Ezra Pound
The poet Ezra Pound (1885-1972) was born in Idaho but spent much of his adult life in Europe. His work is complex, sometimes obscure, with multiple references to other art forms and to a vast range of literature, both Western and Eastern. He influenced many other poets, notably T.S. Eliot (1888-1965), another expatriate. Eliot wrote spare, cerebral poetry, carried by a dense structure of symbols. In "The Waste Land" he embodied a jaundiced vision of post-World War I society in fragmented, haunted images. Like Pound's, Eliot's poetry could be highly allusive, and some editions of The Waste Land come with footnotes supplied by the poet. In 1948, Eliot won the Nobel Prize in Literature.
F. Scott Fitzgerald
American writers also expressed the disillusionment following upon the war. The stories and novels of F. Scott Fitzgerald (1896-1940) capture the restless, pleasure-hungry, defiant mood of the 1920s. Fitzgerald's characteristic theme, expressed poignantly in The Great Gatsby, is the tendency of youth's golden dreams to dissolve in failure and disappointment. Sinclair Lewis and Sherwood Anderson also wrote novels with critical depictions of American life. John Dos Passos wrote about the war and also the U.S.A. trilogy which extended into the Depression.
Ernest Hemingway
Ernest Hemingway (1899-1961) saw violence and death first-hand as an ambulance driver in World War I, and the carnage persuaded him that abstract language was mostly empty and misleading. He cut out unnecessary words from his writing, simplified the sentence structure, and concentrated on concrete objects and actions. He adhered to a moral code that emphasized grace under pressure, and his protagonists were strong, silent men who often dealt awkwardly with women. The Sun Also Rises and A Farewell to Arms are generally considered his best novels; in 1954, he won the Nobel Prize in Literature.
William Faulkner
Faulkner managed to encompass an enormous range of humanity in Yoknapatawpha County, a Mississippian region of his own invention. He recorded his characters' seemingly unedited ramblings in order to represent their inner states, a technique called "stream of consciousness." (In fact, these passages are carefully crafted, and their seemingly chaotic structure conceals multiple layers of meaning.) He also jumbled time sequences to show how the past -- especially the slave-holding era of the Deep South -- endures in the present. Among his great works are The Sound and the Fury, Absalom, Absalom!, Go Down, Moses, and The Unvanquished.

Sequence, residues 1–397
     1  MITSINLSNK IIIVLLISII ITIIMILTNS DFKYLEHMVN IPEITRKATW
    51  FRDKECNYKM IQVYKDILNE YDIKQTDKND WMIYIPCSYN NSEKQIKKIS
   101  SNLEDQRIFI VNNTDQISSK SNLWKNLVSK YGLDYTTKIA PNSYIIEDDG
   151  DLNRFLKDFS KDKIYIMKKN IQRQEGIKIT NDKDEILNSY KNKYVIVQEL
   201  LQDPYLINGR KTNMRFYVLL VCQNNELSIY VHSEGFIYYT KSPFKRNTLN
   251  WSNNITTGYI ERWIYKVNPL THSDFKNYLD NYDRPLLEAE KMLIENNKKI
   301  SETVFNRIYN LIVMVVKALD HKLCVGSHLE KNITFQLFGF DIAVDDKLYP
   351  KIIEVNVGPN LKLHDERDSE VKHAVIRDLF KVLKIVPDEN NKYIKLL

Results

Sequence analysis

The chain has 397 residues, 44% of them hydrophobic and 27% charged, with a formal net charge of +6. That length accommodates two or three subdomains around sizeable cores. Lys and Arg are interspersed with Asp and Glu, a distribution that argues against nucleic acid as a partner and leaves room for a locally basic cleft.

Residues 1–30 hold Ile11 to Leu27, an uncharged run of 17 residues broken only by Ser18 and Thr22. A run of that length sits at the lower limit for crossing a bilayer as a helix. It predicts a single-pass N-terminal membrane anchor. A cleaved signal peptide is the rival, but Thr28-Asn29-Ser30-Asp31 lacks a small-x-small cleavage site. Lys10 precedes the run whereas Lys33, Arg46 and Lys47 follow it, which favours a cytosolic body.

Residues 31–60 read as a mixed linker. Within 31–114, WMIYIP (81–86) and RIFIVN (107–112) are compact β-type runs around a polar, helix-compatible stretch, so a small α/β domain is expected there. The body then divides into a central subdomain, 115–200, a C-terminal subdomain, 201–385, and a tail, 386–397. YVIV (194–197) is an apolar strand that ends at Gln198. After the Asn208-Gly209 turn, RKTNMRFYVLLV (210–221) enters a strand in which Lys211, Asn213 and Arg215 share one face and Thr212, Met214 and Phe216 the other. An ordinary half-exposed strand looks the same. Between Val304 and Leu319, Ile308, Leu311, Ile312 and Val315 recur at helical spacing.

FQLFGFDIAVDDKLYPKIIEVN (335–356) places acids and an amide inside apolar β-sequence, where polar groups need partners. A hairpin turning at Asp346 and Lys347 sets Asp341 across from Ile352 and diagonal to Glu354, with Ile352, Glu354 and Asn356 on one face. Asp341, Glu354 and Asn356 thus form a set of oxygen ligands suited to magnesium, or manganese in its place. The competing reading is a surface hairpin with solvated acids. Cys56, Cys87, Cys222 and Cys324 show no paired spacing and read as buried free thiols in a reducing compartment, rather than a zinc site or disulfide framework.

John Steinbeck
Depression era literature was blunt and direct in its social criticism. John Steinbeck (1902-1968) was born in Salinas, California, where he set many of his stories. His style was simple and evocative, winning him the favor of the readers but not of the critics. Steinbeck often wrote about poor, working-class people and their struggle to lead a decent and honest life; he was probably the most socially aware writer of his period. The Grapes of Wrath, considered his masterpiece, is a strong, socially-oriented novel that tells the story of the Joads, a poor family from Oklahoma and their journey to California in search of a better life. Other popular novels include Tortilla Flat, Of Mice and Men, Cannery Row, and East of Eden. He was awarded the Nobel Prize in Literature in 1962. Other writers sometimes considered part of the proletarian school include Nathanael West, Fielding Burke, Jack Conroy, Tom Kromer, Robert Cantwell, Albert Halper, and Edward Anderson.
Naturalistic Period
The years 1900-1914 mark American Literature's Naturalistic Period. Naturalism claims to give an even more accurate depiction of life than realism. In accordance with a post-Darwinian thesis, naturalistic writers hold that the characters of their works are merely higher-order animals whose character and behavior is entirely based upon heredity and environment. Naturalistic writings try to present subjects with scientific objectivity. These writings are often frank, crude, and tragic. Stephen Crane, Jack London, and Theodore Dreiser are the most studied American Naturalists.
The Beginnings of Modern Literature
Between 1914 and 1939, American Literature entered into a phase which is still referred to as "The Beginnings of Modern Literature". Like their British counterparts, the American Modernists experimented with subject matter, form, and style and produced achievements in all literary genres.